About a year ago, New Zealand contractor, data analyst Peter Cresswell decided to come work in the UK. He had no real definite intentions when he started; "I knew that my skills were in demand, so I thought I would give it a try,'' Cresswell says.
Now Cresswell plans to stay in the UK for at least five years. ''I've had all the work I can handle, and I'm comfortably lodged in London.''
How To Get In
To get the opportunity to work here, Cresswell chose to apply for a 'Working Holiday' Visa. This Visa is available for up to a year for citizens from Commonwealth Countries.
British Dependent Territories, or a British Overseas Citizen. You must be single, or married to a fellow working holiday seeker from the allowed countries. You may not have any children, and you must be between the ages of 17 and 30. It took about six weeks to obtain the visa.
Information about UK Visas can be found on the UK Government Visa site.
I have had all the work I can handle and I am comfortably lodged
Peter Cresswell-Expat Contractor
Cresswell is now upgrading his working holiday visa to one that permits highly skilled migrants from any country to work in the UK. ''I probably should have started out with this one, so I wouldn't have had so much paperwork now,'' Cresswell explains. The highly skilled migrant visa is awarded on the basis of age, educational qualifications, UK degree or professional level qualification, previous earnings, and any UK work experience, although the last is not absolutely necessary. Demand for your skills will be the critical factor.
Put the CV on the Web Before You Come
Cresswell didn't spend any time at all looking for work. ''About two weeks before I came, I put my CV up on the job search sites like TotalJobs and Jobserve. As soon as I arrived, and installed a telephone, I began to get calls from agents. I had a six-month contract in no time.''
Cresswell notes that he needed some professional help in adapting his CV to UK requirements. ''The CV here is quite different from the one we use back home. It took some major reworking to make mine right for the sites here. Contractors should take care that they make the CV format right in the interest of speeding up calls from agents.''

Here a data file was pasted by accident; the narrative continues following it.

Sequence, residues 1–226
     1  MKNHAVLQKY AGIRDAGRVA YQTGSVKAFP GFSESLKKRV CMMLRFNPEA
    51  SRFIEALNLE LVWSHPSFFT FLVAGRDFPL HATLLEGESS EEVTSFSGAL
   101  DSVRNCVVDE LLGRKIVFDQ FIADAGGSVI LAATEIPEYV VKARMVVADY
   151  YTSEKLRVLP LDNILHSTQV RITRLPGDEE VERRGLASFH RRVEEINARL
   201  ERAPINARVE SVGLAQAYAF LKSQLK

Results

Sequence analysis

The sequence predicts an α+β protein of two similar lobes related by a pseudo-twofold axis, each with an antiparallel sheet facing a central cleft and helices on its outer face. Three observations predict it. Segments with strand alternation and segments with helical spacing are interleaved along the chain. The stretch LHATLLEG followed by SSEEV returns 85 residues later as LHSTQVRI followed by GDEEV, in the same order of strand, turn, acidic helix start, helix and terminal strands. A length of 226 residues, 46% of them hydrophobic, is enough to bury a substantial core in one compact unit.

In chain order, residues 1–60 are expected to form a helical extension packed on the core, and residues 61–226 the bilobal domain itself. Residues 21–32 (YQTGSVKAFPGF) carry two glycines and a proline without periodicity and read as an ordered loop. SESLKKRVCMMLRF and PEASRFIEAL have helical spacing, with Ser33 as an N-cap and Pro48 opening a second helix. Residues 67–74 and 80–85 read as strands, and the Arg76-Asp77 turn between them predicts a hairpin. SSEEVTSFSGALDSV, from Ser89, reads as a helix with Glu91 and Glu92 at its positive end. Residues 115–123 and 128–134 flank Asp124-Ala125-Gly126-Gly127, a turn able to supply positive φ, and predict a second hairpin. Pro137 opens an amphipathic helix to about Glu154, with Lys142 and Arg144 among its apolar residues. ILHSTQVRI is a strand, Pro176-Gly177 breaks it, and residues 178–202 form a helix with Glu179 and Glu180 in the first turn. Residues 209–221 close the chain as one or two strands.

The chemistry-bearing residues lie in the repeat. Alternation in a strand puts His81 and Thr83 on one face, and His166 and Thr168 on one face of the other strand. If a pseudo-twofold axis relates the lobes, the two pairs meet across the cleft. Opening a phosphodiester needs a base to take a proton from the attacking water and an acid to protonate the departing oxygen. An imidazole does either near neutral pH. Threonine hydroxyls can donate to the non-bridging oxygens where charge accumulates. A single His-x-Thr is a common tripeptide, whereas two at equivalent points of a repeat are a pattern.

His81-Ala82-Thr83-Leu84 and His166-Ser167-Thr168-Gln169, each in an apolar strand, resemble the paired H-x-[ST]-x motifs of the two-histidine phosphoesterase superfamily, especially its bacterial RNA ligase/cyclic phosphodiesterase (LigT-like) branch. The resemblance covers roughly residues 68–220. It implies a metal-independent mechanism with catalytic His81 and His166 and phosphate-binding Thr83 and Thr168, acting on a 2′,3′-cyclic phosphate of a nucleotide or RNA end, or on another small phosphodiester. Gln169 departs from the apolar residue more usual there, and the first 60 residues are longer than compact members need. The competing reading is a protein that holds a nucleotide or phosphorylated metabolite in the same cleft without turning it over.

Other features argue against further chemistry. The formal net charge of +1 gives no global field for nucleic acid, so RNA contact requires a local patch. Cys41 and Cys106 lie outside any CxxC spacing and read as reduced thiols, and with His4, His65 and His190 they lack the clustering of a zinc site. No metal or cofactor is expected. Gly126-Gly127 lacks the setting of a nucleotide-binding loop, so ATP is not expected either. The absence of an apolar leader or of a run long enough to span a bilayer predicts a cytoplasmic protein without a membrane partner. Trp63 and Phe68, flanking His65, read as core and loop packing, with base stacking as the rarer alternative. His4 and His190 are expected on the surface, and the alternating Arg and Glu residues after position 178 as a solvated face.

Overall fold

Contractors should make sure they adapt their CV to UK standards
Peter Cresswell-Expat Contractor
Get The Bank Account Set Up
Another issue that Cresswell resolved before coming was arranging a bank account. ''I did all the paperwork back home, and then when I arrived in the UK, I just had to go down to the back and sign the forms. Within two weeks I had the account up and running. I strongly recommend that expat contractors do this to speed all that up.''
For structuring his payments rather than set up a limited company Cresswell chose the Parasol IT umbrella company and says they have provided him with excellent service.
Cresswell says that he had no trouble finding a shared flat when he arrived. ''I found a flat share on the Gumtree site, and I had proof that I was starting work, so my flatmates weren't hard to convince.'' Renting a flat or a house by yourself in the UK is of course a more complex matter, and expat contractors who seek to do this may want to consult an estate agent before they arrive.
With demand for contractors likely to remain high in the UK, expats should continue to find a warm welcome here for some time. ''There is a lot of paperwork,'' Cresswell says, ''but it is manageable, and the rewards are real.''